Certain executives, moreover, say that Shell gave away too much during negotiations in years past and are demanding a hard line against workers’ demands for higher wages and lower co-pays on health insurance.
The USW announced yesterday it will be holding a rally outside Shell’s US headquarters in downtown Houston at noon on Friday. Union representatives say they want to “show management that union members are united in their drive for a fair contract that improves safety throughout the industry.”
Union officials assiduously insist the major issue in the strike is not wages. This only suggests that they will soon drop their demand for a six percent increase in annual wages in exchange for some proposal to limit contract workers and add more union officials to safety committees.
In fact the USW has instructed picketers not to talk to the media so it can “control the message” that the strike is over safety, not wages. “This is not a bunch of greedy workers trying to get more, more, more,” said USW spokesperson Lynne Hancock. “We know we’re well paid. That’s not the issue.”
While safety and long working hours are certainly major concerns—in an industry where American refinery workers die at a rate three times higher than their European counterparts—wages are not a small factor. Oil workers have long faced a freeze in real wages, and pay 20 percent of the cost of their health care. It is significant that in the last oil strike, a 14-week walkout in 1980, 60,000 workers defied the Carter administration and won a 31.5 percent increase over three years.
There is popular sympathy for such a struggle today but workers cannot leave the conduct of the fight in the hands of the USW, which is completely tied to the energy companies and the Obama administration.
Neighboring communities have come out in support of the workers. A Houston area resident named Terry Thackeray commented on Fuel Fix, “[Refinery workers’] wages and benefits are not bank breakers for a company like Lyondell that just gave its CEO an annual bonus of over 20 million.”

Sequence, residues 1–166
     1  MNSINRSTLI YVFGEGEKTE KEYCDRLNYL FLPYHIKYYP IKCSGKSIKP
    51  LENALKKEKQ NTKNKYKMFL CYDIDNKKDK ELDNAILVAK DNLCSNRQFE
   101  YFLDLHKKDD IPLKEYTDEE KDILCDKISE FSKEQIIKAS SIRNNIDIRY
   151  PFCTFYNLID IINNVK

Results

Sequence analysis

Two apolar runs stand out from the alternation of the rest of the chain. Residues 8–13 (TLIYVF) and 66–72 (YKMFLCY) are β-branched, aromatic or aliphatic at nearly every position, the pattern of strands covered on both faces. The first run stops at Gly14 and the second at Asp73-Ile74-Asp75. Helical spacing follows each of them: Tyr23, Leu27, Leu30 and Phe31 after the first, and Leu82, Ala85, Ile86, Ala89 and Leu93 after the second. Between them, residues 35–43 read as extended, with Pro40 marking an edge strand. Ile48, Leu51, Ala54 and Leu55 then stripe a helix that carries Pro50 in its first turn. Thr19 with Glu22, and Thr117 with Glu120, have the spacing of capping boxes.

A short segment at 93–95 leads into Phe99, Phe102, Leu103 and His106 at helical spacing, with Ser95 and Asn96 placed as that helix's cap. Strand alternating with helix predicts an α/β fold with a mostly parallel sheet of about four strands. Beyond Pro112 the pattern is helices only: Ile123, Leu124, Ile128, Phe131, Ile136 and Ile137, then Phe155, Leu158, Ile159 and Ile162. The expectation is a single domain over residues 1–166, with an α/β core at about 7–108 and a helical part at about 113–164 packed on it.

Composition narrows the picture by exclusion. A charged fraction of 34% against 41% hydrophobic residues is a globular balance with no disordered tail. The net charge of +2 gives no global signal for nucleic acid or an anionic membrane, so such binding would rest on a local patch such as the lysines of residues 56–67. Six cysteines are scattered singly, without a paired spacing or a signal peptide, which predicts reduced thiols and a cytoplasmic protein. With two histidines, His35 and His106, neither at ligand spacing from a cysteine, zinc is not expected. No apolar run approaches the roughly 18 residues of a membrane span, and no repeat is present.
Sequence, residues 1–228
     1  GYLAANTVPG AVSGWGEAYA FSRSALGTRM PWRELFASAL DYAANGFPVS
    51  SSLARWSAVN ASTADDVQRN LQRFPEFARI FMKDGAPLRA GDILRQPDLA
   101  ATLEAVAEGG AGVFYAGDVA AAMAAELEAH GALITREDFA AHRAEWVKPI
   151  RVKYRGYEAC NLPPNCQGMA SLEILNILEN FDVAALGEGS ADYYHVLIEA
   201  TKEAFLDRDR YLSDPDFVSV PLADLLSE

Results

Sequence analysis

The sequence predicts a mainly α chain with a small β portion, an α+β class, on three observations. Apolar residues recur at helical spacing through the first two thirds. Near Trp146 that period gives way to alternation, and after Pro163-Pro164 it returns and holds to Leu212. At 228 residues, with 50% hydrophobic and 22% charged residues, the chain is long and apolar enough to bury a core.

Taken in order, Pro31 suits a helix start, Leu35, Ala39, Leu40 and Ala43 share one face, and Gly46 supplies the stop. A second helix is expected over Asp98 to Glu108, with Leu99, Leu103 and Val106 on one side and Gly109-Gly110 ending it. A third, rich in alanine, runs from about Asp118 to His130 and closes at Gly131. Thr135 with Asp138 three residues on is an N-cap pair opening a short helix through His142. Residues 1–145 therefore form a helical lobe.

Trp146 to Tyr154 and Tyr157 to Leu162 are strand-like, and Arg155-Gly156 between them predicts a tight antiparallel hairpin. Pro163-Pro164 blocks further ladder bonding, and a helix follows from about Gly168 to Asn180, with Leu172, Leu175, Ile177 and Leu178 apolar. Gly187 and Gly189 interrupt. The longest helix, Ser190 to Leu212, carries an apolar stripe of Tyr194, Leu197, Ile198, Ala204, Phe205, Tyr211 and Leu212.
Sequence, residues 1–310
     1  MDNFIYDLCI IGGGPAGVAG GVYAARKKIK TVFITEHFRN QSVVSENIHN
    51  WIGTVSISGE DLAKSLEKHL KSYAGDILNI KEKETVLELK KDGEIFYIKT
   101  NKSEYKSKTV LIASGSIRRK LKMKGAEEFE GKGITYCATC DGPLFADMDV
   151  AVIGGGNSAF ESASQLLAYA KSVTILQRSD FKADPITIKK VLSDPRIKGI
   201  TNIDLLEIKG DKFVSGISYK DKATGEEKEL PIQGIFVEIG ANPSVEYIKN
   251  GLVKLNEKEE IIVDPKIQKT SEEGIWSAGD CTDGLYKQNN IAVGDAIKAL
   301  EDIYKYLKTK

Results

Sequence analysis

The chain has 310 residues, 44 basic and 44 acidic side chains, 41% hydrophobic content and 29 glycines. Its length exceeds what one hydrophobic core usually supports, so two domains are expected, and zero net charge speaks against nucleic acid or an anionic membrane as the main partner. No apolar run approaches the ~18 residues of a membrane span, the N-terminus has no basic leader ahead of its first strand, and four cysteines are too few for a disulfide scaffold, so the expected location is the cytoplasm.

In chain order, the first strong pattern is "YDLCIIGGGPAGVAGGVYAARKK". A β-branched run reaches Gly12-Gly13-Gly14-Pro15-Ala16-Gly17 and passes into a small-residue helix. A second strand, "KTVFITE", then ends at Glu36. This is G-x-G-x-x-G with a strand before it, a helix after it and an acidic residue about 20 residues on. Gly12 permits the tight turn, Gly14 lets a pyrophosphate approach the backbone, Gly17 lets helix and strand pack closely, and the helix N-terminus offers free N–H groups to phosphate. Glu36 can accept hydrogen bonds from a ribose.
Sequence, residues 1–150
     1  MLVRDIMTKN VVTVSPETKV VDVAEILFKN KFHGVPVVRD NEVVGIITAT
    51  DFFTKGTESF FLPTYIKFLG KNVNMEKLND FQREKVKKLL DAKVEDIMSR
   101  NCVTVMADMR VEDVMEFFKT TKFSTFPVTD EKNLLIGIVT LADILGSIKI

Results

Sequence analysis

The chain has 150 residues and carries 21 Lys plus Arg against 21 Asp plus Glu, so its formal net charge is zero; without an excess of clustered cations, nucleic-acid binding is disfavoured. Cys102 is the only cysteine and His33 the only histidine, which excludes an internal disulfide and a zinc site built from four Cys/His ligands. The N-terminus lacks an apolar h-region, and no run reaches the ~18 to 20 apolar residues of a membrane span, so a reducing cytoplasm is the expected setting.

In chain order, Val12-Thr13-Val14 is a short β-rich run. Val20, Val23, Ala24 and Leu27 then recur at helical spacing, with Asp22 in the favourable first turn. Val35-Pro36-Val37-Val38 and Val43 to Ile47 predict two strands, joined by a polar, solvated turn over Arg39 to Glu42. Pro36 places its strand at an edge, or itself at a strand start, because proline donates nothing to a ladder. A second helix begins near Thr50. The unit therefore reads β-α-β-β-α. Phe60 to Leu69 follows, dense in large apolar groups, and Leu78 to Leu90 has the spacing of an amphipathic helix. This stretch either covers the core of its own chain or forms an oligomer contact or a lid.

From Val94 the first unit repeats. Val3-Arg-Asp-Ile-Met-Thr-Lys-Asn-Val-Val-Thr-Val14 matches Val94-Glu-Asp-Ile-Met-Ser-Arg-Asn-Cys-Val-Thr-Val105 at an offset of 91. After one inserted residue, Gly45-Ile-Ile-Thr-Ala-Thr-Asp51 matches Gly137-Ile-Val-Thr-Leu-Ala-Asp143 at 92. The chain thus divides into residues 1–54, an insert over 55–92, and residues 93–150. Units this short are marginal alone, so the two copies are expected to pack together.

Another Houston resident commented on the local news website Click2Houston, “The companies say that they have qualified people currently working the units. The reality is it’s a combo of managers, engineers, and admin people, who may have came out to the unit once or twice over the past year. They are doing jobs they were never intended to do. Also, they are being treated rather unfairly by being locked in for weeks at a time. What do you think happens when they get tired? I will tell you. Mistakes get made that could put them and the surrounding communities at risk for something potentially serious.”
Two of the refineries affected by the strike, Tesoro’s Los Angeles-area refinery in Carson, California and Marathon Petroleum Corporation’s Galveston Bay Refinery in Texas City, Texas, have reported leaks to regulators. Emergency responders in Texas City were notified of the leaks as a precaution. Reports have emerged that state inspectors are anxious over the continuation of the strike, citing safety concerns over the untrained strikebreakers used in the companies’ contingency plans.